Tuesday, April 22, 2014

Invasive Plant: Garlic Mustard - Identification & Control

Garlic Mustard should have been on my list of the dirty dozen plants that I try to keep out of my garden.  Here's a quick take on Garlic Mustard, how to identify, and importantly control it. 

Garlic Mustard Background:

Garlic Mustard Invasive - thriving in rock border
Garlic Mustard  (Alliaria petiolata) is an invasive biennial herb with a distinctive garlic/onion smell. First found in New York state in 1868, it was probably brought by Europeans as a medicinal herb. These days it grows in over 31 states and is labeled an invasive plant. It has no natural enemies of note in North America.  Garlic mustard grows in open woodlands, dense shade, driveway cracks, and your vegetable garden.  It's a biennial so in the first year it produces only leaves, the following spring the plant sends out white flowers on ugly stalks up to 3 1/2 feet tall. Each plant can produce 350-7000 seeds which are dispersed in late summer.  

Wednesday, April 16, 2014

Wildflowers and Native Plants of Peru - A Tourist view

Native Plants flowering at Machu Picchu, Peru
From adventure traveler to casual tourist, the Inca Trail provides an unforgettable experience. I traveled it over forty years ago and still dream of the cool, lush, humid Andean rain forest full of unusual flora and fauna. The mystery of the high city and long forgotten tales. If I was taking the trip today, I'm sure I would soak up all the bromeliads and orchids which are native to this area.  The native flower is an orchid! Peruvian native plants are often lusted after house plants :)  The abundance of unusual native plants in Peru is acute in the Machu Picchu Sanctuary and nearby areas. Peru hosts more than 3,000 known orchid species, and some experts claim that this is only half of the Peruvian native species; more to be discovered!  So just think, if you take this hike you might discover an orchid that you could call your own?!

Monday, April 14, 2014

Arizona Wildflowers - A tourist view

Hiking - Vermilion Cliffs, AZ
The desert can be so beautiful! This year I had the pleasure of spending time in Arizona and Utah during early spring. I just caught the beginning of the splendor of desert flowers - I'm sharing a few shots of those I encountered on the trail.  As we got off road on BLM lands and into Vermillion Cliffs, Grand Staircase Escalante, Grand Canyon, and Bryce Canyon - the little pops of color from mother natures blooms were unexpected and pleasurable. Hiking with the fragrance from sage and wide open spaces - Priceless!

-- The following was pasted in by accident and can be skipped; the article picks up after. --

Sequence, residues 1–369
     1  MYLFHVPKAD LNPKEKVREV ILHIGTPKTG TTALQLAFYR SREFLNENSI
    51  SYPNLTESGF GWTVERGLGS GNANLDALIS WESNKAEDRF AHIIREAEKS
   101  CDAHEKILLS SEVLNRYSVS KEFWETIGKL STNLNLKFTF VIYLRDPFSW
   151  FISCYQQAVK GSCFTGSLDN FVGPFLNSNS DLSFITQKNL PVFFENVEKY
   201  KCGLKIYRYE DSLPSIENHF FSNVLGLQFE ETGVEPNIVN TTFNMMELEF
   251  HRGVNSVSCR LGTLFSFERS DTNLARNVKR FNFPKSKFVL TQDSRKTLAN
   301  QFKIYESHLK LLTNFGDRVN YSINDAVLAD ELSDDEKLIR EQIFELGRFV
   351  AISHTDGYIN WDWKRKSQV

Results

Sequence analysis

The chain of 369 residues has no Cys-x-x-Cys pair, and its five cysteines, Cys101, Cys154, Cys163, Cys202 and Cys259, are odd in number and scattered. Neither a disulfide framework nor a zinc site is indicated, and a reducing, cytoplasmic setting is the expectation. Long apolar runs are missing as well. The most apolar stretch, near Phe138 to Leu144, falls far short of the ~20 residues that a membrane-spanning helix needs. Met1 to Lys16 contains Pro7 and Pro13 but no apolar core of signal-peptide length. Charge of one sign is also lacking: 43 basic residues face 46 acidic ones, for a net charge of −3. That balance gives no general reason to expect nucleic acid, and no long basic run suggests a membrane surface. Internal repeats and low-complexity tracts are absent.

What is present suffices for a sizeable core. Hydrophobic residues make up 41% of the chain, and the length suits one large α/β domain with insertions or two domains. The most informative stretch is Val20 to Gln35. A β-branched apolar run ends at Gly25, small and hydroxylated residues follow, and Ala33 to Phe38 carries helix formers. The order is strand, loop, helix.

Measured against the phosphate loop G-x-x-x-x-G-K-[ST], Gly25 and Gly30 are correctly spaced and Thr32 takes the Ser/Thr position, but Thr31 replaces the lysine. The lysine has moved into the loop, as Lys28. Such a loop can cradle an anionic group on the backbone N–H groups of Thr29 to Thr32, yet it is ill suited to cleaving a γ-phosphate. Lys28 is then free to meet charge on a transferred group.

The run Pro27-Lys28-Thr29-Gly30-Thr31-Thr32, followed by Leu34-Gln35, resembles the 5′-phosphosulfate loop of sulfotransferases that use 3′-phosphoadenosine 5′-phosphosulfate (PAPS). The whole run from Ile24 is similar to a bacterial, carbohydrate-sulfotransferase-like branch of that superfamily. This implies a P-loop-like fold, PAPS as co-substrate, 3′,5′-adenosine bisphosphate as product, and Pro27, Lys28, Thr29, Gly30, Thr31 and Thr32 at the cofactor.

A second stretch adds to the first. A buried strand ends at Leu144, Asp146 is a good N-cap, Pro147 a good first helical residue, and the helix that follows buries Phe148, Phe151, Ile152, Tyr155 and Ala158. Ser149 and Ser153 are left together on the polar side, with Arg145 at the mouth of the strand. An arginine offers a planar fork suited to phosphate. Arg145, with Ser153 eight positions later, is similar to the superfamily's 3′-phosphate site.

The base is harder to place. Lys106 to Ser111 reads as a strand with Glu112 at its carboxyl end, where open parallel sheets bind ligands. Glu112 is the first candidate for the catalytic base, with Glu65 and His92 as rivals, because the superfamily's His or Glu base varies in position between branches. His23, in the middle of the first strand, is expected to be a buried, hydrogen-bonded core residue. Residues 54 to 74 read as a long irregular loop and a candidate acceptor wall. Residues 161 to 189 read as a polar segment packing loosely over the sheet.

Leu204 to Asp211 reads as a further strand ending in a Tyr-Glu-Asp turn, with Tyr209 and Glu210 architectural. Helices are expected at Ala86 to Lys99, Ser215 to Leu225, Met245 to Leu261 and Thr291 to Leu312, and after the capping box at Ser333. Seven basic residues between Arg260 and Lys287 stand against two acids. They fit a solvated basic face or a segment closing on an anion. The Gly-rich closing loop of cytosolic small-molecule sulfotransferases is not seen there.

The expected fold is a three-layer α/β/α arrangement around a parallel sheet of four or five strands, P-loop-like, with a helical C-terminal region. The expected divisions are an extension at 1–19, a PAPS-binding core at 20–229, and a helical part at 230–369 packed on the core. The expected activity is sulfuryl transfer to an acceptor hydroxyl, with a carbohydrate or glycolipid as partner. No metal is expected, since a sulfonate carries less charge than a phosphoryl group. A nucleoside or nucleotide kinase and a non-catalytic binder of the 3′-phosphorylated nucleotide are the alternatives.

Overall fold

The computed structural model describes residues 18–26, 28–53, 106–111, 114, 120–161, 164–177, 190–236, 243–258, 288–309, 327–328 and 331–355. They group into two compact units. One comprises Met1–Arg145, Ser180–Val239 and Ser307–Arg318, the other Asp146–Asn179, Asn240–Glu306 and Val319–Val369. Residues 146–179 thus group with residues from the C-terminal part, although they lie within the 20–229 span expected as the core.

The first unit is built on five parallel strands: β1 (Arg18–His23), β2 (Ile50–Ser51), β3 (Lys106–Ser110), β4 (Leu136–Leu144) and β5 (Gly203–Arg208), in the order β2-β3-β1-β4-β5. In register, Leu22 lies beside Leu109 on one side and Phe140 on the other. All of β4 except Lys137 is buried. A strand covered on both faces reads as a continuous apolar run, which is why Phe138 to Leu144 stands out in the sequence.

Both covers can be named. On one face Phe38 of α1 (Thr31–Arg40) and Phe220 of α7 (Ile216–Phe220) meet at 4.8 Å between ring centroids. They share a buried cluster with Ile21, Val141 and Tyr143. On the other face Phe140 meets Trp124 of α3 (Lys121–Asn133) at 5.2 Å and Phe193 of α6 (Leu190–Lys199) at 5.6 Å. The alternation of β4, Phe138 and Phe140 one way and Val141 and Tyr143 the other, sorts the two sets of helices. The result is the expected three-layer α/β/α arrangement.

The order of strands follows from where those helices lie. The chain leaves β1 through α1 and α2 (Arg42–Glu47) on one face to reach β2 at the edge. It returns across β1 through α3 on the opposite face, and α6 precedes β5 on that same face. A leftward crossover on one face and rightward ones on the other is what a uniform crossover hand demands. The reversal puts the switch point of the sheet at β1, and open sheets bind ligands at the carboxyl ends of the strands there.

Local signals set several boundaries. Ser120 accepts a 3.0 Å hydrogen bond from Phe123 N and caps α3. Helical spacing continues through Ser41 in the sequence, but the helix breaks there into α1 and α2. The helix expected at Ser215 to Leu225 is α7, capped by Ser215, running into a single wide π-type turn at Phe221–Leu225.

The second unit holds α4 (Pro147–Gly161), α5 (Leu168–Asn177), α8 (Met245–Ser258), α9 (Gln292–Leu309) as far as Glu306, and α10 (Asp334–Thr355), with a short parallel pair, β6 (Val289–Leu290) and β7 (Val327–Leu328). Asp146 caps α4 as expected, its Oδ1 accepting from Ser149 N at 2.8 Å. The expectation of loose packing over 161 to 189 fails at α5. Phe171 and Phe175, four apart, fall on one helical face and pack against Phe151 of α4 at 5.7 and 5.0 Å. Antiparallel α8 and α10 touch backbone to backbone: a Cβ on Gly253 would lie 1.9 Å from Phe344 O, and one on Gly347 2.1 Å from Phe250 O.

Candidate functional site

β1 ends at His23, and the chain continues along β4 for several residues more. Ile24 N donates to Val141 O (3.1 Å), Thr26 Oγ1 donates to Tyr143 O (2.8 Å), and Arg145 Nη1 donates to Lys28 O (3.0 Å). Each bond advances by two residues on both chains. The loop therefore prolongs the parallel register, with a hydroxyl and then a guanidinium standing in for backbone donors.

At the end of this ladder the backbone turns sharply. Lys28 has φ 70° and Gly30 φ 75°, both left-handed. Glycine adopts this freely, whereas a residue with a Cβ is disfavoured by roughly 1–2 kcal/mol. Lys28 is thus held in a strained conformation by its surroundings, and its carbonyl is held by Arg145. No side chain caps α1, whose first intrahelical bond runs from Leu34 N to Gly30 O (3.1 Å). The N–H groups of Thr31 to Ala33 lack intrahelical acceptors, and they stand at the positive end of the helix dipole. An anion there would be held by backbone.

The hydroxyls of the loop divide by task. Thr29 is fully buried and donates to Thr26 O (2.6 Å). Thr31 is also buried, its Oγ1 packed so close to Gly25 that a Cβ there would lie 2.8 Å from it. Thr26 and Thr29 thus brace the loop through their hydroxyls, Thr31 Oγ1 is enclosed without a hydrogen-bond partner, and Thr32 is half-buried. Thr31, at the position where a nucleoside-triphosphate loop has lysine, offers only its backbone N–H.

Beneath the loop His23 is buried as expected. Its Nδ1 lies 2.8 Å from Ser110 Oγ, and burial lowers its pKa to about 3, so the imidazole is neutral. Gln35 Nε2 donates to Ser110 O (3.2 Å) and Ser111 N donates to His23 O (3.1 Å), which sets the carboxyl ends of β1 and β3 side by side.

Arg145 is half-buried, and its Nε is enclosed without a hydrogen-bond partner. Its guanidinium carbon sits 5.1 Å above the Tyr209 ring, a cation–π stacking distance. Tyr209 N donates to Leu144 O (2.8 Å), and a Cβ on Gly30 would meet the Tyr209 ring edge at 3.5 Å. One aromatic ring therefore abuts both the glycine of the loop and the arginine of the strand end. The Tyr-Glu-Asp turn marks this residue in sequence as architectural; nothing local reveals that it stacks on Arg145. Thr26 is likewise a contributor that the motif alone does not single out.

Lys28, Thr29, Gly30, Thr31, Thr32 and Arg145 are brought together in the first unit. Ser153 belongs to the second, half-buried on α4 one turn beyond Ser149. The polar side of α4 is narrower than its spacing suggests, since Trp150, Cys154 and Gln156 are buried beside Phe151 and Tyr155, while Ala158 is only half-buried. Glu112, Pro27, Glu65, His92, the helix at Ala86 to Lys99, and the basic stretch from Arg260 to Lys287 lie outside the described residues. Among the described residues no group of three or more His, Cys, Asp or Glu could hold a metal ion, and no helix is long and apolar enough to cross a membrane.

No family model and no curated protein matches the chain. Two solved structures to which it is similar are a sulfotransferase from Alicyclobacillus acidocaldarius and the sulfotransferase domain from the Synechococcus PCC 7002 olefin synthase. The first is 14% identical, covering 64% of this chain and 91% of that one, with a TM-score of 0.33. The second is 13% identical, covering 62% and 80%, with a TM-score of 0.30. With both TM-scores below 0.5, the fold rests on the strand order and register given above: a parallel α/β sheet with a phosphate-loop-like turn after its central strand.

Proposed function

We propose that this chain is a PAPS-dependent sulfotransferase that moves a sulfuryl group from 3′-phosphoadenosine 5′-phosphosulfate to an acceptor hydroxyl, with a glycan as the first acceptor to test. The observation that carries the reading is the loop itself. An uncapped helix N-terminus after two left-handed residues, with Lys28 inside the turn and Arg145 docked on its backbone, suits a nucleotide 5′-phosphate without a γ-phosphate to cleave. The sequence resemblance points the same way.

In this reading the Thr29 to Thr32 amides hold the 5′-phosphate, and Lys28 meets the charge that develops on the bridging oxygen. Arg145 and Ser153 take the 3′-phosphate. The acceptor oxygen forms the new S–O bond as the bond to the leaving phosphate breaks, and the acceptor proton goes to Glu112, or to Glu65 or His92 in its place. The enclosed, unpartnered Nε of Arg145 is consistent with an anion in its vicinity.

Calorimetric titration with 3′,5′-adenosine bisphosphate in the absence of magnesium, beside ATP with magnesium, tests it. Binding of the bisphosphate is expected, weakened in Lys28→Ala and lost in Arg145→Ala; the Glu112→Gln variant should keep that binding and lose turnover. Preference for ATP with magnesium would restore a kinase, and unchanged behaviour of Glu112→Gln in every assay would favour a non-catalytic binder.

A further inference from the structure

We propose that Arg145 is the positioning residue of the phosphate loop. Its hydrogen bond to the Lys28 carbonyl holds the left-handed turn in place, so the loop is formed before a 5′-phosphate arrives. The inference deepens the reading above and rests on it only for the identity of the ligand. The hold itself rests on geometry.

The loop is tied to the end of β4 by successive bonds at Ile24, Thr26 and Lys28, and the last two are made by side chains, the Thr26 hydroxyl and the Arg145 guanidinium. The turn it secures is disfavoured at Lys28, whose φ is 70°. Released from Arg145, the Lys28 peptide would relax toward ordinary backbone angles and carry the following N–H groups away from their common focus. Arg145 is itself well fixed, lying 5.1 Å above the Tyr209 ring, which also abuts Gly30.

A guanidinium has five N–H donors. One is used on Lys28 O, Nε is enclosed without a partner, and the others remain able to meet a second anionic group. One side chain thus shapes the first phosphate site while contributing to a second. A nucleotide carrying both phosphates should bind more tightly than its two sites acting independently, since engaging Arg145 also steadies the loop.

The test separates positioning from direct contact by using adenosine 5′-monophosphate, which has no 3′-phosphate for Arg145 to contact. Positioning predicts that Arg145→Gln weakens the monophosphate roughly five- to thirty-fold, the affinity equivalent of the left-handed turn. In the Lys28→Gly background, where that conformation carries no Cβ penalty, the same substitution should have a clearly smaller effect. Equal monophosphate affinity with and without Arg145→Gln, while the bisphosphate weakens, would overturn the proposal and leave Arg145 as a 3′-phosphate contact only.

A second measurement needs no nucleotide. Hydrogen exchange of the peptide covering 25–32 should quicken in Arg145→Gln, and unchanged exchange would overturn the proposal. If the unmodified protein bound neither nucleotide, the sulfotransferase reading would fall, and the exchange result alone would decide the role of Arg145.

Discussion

While I'm tagging these are wild flowers or Native flowers - someone local with much more experience may say some of these are invasive. Like I say, this is a tourist view :)

Wednesday, April 9, 2014

Container Gardens - Growing Herbs

Grow Your Own Fresh Herbs - Container Gardening
More recently as I teach Container Garden classes I'm asked specifically about growing herbs.  In particular small urban patio gardens and families with small children seem to enjoy this activity. I am an avid consumer of fresh, home grown herbs! Photo of harvest of mint, dill, parsley! Herb container gardening is a great way for new gardeners to dig in. There is a great satisfaction in serving delights from your garden. Plus the fragrance from herbs is wonderful. There are many herbs that I always grow in container (aka mint!) This year I'm putting more herbs and veggies in containers to make it easier to access from my kitchen! Planning container gardens is one of the many tasks on my Spring to-do list for my cold climate garden. 

Monday, April 7, 2014

Alternative Deer Repellents - DIY

I'd previously blogged about the challenges I had been having keeping the Damn Deer out of my garden.  I keep a fence that works very well. However, as I started the woodland restoration that now hugs their trail, my love-hate relationship with this plant predator has continued.

Bad smells keep Deer Away. 
Recently folks have suggested some alternatives to the chemical sprays I have been using. This spring as tulips, hostas, iris, and chokeberry are starting to come out. I'm trying these out - the more potential deterrents the better!  If I can make my precious bits of green plants taste and smell terrible - unless they are starving, the deer should just move on (to my neighbors yard!)  One downside of a treatment that relies on taste (like the pepper spray below) is that the deer must taste the plant to discover they don't really want to eat more.  So there will be some nibbling with this method along. Another reason I like using combos.

Just keep in mind that everything needs reapplication. Make sure to treat the plant completely! Rain and time take away the smell and taste. I do not put these treatments onto food crops by the way. My vegetable garden is safe inside a fence (mostly) - although the bunnies do make a mess. That's another blog.